The New York Times brings the dispatch that the Austrian government took the house in Braunau am Inn in which Adolph Hitler was born, after years of unsuccessful negotiations with its owner. The government used a compulsory purchase order and awarded the owner the equivalent of $350,000 for the three-story apartment building. The owner sued to prevent the taking, but lost. She then sued for additional compensation in the District Court in Ried im Innkreis, which awarded the equivalent of $1.7 million, which was the exact amount claimed by the owner and testified to by her appraiser, and almost five times the amount of the government offer.
The purpose of the taking was to prevent the building from falling into the hands of neo-Nazis who might use it to celebrate Hitler’s memory. The actual future use of the taken building is unclear at this time. We gather from the Times write-up that the answer to this question is something of a hot potato as far as the Austrian government is concerned: Preserve it and risk being accused of perpetuating Hitler’s memory, or raze it and be accused of tampering with Austrian history.
For the Times story go to https://www.nytimes.com/2019/02/07/world/europe/hitler-austria-house.html It contains a picture of the subject property.
Afterthought. A well informed colleague has called our attention to a New Jersey case that echoes this one. No, no Hitler involvement in that one, but New Jersey courts have approved the taking of private property ostensibly for open space (even though the township had no plans to put the property to recreational uses after its taking). In other words, the New Jersey taking was for the purpose of preventing a developer/land-owner from constructing perfectly legal homes because they would be “affordable to upper income families” but not serve the “public interest” of lower priced “assisted living facilities” or multifamily housing rather than one-family homes. Which inspires us to ask: if that is the law of New Jersey, then what the hell is the purpose of zoning laws which permits the construction of detached single-family homes, if the courts can by their subjective say-so require that those laws be ignored for the avowed purpose of judges engaging in subjective social engineering?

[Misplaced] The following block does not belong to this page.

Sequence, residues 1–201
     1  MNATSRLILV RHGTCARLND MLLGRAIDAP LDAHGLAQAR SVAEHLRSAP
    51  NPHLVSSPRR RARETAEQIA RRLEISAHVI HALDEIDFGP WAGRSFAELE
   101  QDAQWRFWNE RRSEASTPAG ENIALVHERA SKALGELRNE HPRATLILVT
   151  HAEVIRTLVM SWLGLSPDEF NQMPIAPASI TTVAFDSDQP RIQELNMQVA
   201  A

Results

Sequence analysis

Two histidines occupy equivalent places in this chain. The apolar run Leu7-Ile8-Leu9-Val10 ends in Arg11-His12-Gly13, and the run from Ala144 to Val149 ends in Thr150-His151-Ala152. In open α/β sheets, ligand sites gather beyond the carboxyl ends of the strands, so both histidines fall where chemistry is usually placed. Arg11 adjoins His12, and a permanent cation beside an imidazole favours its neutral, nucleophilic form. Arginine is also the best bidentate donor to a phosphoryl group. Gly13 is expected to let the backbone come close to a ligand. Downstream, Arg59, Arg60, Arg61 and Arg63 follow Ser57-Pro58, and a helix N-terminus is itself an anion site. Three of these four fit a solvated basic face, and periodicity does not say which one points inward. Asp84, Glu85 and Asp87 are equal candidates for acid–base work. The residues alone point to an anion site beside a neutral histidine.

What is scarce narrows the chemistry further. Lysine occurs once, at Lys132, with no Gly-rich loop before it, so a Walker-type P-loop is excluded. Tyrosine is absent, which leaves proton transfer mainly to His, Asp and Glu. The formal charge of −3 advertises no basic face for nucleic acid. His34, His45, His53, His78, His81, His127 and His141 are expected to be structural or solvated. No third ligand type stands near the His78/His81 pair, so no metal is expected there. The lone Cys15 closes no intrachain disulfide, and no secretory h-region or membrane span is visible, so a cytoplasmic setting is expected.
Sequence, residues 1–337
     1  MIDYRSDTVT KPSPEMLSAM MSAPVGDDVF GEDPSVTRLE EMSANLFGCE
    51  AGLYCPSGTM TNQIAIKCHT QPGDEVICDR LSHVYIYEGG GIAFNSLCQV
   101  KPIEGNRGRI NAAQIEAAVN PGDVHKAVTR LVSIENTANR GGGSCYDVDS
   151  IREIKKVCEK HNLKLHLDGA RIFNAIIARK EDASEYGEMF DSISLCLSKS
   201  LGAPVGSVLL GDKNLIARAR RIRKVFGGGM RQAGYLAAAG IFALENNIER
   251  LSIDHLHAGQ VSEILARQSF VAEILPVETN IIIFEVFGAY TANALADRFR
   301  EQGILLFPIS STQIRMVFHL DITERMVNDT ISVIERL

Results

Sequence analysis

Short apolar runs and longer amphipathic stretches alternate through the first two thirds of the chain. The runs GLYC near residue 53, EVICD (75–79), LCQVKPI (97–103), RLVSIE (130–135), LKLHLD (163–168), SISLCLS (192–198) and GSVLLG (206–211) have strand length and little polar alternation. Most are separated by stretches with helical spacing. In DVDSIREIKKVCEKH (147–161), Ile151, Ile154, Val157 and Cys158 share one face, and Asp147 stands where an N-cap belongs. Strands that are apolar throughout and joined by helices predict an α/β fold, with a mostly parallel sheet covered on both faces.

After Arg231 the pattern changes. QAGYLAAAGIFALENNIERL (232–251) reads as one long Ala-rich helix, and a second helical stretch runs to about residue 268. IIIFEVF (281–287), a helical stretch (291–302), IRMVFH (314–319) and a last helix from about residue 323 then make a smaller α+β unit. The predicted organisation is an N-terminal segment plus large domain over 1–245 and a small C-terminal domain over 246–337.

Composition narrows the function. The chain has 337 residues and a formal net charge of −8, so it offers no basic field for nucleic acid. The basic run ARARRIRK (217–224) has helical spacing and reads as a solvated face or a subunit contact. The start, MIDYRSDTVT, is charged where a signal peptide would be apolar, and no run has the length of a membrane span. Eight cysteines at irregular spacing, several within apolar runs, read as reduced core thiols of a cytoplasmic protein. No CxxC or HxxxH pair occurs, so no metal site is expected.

See Mt. Laurel Township v. MiPro Homes, 878 A.2d 38 (2006, N.J. App. Div.) affirmed 910 A.2d 617 (2008, N.J.).